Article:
The Clinton Herald, Clinton, Iowa

Local Schools

August 28, 2012

Clinton’s ACT scores stable

Number of Clinton High students who take test is growing

CLINTON — The average ACT score for Clinton High School students has remained the same as last year, but the number taking the test is up from two years ago, Clinton School District Curriculum Director John Jorgensen reports.

In Iowa, the average ACT score for 2012 was 22.1, the second highest among the nation for states where more than 50 percent of high-school graduates take the exam. The national composite average was 21.1.

Clinton High School students who took the test scored an average 19.1, the same score from 2011.

“Last year we had about 80 percent of kids taking the test,” Jorgensen said of the 2012 figures.

In the previous year, 85 percent of students took the test. Before the district began striving for a higher percentage of test-takers, only 45 to 50 percent took the test. The district saw its highest composite average, 21.7,  in 2010.

The Clinton schools have made a conscious effort to test more of their students, a move Gov. Terry Branstad and Iowa Department of Education Director Jason Glass are pushing statewide.  

“What happens is on test day we rent a room out and have tables set up and when juniors get to school we put them on a bus,” Jorgensen said.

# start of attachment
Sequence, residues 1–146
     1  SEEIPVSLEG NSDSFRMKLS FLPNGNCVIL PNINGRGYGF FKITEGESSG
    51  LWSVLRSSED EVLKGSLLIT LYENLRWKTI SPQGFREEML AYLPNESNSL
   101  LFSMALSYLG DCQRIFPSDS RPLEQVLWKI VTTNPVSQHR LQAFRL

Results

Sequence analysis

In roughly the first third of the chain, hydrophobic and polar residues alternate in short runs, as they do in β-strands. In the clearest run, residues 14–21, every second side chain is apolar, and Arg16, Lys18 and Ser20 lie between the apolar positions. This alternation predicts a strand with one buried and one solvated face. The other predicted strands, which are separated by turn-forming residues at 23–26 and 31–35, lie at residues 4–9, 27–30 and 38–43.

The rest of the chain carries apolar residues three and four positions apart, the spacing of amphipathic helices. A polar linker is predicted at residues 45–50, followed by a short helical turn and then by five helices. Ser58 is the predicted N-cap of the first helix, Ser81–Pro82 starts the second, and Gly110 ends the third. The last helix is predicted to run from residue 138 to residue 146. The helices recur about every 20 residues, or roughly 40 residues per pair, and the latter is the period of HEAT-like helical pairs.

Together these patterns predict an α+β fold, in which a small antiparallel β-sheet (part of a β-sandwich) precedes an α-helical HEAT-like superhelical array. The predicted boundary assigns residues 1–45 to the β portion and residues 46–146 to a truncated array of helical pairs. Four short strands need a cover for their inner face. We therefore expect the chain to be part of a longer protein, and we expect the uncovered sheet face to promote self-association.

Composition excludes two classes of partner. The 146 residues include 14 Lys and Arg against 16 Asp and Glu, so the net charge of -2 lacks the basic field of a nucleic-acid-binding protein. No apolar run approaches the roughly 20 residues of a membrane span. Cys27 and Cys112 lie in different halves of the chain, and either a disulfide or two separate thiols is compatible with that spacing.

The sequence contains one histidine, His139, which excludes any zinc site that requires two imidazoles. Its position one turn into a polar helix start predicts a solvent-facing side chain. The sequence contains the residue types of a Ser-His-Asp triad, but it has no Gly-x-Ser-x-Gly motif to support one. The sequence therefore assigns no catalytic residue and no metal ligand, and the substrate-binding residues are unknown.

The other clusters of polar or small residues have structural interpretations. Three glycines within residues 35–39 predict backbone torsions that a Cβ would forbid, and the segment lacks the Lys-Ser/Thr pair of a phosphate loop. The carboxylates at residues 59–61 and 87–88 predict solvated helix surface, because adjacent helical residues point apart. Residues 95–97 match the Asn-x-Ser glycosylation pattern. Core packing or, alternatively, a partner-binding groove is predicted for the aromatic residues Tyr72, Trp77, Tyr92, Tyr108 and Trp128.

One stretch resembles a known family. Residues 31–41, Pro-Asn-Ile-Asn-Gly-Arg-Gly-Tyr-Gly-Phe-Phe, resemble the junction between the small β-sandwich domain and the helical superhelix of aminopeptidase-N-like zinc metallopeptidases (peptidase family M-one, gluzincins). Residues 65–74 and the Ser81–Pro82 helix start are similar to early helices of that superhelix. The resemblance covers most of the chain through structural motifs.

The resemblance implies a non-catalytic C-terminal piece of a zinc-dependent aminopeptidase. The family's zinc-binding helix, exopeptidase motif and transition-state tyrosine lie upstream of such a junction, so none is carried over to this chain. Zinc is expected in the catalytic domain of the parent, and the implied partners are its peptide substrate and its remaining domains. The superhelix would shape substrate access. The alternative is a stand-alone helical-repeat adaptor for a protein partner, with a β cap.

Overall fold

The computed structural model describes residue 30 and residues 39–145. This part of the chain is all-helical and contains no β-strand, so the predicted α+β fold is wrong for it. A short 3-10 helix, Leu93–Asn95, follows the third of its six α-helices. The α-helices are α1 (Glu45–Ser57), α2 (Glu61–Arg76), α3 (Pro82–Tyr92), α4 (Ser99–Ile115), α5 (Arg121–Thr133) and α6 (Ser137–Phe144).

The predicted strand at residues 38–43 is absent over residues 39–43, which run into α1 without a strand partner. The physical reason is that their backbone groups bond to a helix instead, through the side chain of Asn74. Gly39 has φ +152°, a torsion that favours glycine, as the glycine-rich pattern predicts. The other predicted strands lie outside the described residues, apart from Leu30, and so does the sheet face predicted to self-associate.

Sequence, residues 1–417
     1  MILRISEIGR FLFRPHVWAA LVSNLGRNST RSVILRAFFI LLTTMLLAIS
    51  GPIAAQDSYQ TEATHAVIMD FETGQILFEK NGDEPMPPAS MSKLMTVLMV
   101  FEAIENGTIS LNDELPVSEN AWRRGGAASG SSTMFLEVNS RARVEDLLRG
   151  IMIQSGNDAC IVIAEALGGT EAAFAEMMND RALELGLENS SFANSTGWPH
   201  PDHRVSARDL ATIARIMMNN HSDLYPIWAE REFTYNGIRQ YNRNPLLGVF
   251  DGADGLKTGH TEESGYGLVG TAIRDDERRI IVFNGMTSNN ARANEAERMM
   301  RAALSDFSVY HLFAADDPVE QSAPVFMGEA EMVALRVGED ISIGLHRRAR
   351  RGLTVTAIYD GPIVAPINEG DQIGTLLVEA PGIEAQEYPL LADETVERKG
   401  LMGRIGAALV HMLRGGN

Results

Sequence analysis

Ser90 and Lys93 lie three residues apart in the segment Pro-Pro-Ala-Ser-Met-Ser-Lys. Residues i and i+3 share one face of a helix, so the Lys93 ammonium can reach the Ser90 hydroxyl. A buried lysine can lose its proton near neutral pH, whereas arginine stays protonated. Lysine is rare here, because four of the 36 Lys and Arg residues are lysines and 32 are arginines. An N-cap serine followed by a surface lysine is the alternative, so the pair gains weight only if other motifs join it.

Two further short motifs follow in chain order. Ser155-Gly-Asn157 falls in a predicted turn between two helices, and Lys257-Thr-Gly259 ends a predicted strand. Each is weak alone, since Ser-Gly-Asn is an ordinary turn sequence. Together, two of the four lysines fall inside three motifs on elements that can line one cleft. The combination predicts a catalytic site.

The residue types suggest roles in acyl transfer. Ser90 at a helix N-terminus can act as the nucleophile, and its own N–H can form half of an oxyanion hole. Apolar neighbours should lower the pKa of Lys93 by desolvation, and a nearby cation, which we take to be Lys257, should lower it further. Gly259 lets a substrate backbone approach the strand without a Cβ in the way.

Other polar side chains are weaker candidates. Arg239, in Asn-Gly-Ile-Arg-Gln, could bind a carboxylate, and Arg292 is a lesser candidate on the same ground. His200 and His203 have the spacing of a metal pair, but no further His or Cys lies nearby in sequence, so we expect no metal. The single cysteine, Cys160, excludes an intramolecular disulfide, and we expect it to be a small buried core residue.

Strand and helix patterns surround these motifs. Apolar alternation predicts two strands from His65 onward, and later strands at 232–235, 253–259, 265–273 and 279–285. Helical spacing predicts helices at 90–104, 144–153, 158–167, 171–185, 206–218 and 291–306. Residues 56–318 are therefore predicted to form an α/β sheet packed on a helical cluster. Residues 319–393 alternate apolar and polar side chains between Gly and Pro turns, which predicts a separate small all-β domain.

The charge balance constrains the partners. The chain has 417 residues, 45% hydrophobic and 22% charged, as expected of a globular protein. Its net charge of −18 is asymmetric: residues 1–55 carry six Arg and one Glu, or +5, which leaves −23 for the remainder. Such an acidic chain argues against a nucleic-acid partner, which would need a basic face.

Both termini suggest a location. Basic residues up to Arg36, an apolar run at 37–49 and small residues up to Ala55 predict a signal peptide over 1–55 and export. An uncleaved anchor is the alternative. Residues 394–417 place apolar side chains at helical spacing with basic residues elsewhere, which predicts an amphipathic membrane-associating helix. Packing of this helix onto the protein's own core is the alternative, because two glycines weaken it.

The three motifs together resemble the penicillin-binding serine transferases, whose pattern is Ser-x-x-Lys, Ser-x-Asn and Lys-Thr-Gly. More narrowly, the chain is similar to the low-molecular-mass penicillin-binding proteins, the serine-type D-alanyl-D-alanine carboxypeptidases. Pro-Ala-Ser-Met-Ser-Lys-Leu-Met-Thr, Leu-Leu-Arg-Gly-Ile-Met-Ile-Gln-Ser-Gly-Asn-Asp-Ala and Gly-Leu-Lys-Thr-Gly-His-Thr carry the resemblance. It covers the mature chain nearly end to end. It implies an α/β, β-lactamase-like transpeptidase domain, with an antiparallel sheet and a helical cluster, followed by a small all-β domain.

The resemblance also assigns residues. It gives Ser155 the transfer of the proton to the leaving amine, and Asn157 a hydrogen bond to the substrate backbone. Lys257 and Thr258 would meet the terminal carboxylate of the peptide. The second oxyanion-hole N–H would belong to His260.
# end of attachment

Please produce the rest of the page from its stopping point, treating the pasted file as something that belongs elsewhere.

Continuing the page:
The students are taken to a room at Wild Rose where they take the rigorous test.”

“The reason we do that is, we really feel strongly about students being college and career ready,” Superintendent Deb Olson said. “We still face the paradigm that less than 15 percent of our population in Clinton County has a college degree.”

Jorgensen said he knew the average score would go down once a greater percentage of students were taking the test based on students’ varying educational and career goals. Ultimately, no matter a student’s goals after high school, the intent of the district is to prepare them enough to make remedial courses after high school unnecessary.

“The goal is to step out of a high school classroom and into a college classroom and be successful without skipping a beat. Or, step out of a high school class room and into a trade occupation and be successful,” Jorgensen said.

He added the Clinton School District is about two years behind reaching this goal. The district is, however, ahead of the curve in terms of the percentage of students that take the ACT.  

Jorgensen touted the Clinton School District as being “ahead of the game” on ACT testing in the state, with plans to continue testing a large percentage of students, no matter their academic goals.

“We’re one of only two districts, I believe, that tries to test all of our students,” he said.

In response to the release of ACT average scores last week, Glass called on schools to test more of their students, as Clinton High School has done.

“I’m proud that Iowa’s average composite score is tied for second in the country among states that tested more than half of students in the Class of 2012; however, we’re still testing only 63 percent of students. If our goal is to have a world-class education system, we must set the right expectations for college and career readiness and then follow through with an exam as an important measure,” Glass said.

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